I've been a member of a group for young widows and widowers for quite a while and know that it is usually a great place to get some support or advice. Sometimes just chatting to someone who has experienced something similar is such a help. I chatted to a lady who was 10 years older than me but who had lost her partner at the same age I had. She got me completely. She said she had found the anniversaries since lockdown particularly difficult even though she's happily remarried for the past 5 years. This helped me to feel 'normal' and to stop beating myself up.
Grief is a peculiar thing. When Andy first passed away I was still trying to process his illness, but I went through the motions. I cried every morning on waking, on and off throughout the day and cried myself to sleep every night. There were many times I wished I wouldn't wake up, so I could be with him but knew I had to carry on as my kids needed me more than ever. Then after a few months I noticed I didn't wake up crying but then may do for another week or so. I laughed and felt guilty for doing so. Then I'd notice I didn't fall asleep crying and so on and so on until I realised it had been a week with no tears, then a month. Laughter comes easily and without guilt. Anniversaries come and go. The first ones are awful. The second ones are bad, the third a sadness. Each one becomes a little easier to live through. For the past 2 years I've been OK for most of the anniversaries except for the anniversary of his death last November when I was at a real low point and of course this weekend just gone.
There is no instruction manual on how to grieve. There is no timescale for how long it will last. Everybody grieves differently there is no right or wrong. Grief for me is like the sea. Like a tide, grief ebbs and flows. You can go months with a calm still sea then suddenly without warning a wave of sadness can hit. It can last moments it can last days but with each wave you know it won't last forever. It will subside until the next storm, or until a pebble causes a ripple effect. For me grief is not like depression, with depression you have no idea when 'normality' will ever return. Depression becomes your normality. Grief is different, it's a process. It is painful at times, but I believe it is healthy to grieve. You can only grieve for something or someone you have loved and lost. People always say time is a great healer. I agree to a certain extent, as time goes on you learn to live without that person. You learn a new way of life. I'm learning that it's OK to still grieve and that some years may be different to others and that too is OK. The strangest of years we've all had combined with the anniversary of a loved one has just been harder than normal to get through but unlike those early days of grieving where you never think you'll smile again you learn that you will and the memories of the past will once again give you pleasure not pain.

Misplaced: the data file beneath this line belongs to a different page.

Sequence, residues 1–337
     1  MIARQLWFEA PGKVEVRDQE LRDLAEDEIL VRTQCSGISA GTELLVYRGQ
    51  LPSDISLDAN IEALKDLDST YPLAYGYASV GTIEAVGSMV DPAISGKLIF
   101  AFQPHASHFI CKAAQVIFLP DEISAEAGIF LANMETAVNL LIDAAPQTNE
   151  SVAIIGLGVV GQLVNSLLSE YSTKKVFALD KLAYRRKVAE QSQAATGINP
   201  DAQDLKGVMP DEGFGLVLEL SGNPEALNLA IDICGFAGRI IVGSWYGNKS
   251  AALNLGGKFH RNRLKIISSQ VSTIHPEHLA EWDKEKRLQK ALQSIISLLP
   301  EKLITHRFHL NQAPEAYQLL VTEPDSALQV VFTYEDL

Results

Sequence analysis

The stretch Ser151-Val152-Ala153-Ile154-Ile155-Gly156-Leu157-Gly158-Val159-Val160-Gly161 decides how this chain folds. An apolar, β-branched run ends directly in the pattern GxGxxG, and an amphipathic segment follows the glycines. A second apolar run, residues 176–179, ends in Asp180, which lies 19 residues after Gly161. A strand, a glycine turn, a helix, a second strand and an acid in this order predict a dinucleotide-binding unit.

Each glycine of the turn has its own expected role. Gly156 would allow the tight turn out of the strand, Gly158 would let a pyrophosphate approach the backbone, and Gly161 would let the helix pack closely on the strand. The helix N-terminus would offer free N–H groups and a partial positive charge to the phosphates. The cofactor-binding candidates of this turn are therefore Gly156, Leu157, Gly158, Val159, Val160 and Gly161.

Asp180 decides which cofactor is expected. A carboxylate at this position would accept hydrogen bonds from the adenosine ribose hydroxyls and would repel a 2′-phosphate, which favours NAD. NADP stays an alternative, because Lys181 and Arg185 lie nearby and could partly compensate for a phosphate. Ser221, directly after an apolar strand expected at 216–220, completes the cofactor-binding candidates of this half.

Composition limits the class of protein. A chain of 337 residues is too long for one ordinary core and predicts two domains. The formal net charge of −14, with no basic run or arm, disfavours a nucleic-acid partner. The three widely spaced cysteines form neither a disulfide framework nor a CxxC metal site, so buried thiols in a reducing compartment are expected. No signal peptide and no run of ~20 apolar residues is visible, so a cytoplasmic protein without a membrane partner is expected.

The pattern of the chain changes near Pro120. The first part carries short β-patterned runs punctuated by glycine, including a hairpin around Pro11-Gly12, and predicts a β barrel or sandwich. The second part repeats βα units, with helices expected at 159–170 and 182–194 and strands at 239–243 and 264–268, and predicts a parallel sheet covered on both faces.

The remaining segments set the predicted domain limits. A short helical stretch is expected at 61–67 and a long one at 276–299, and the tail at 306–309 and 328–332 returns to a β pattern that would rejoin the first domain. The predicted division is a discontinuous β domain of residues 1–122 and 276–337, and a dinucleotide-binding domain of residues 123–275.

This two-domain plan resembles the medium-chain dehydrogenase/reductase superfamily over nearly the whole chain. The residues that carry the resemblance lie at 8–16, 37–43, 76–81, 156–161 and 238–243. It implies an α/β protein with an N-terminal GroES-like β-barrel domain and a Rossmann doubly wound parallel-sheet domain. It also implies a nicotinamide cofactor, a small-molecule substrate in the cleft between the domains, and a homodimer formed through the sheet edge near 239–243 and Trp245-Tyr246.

Today, apart from feeling unwell as a reaction to my COVID-19 jab 12 days ago, I'm OK. I have a temperature, ache all over, but the sadness has lifted (my lateral flow test was thankfully negative). I'm also prepared that future anniversaries will come and go without any sadness, but there could be that one in the future where it is difficult to get through and that is allowed. Grief is a perfectly normal part of life that I have to accept. I cannot control it. I just need to ride the waves when they appear and remember it does get easier again.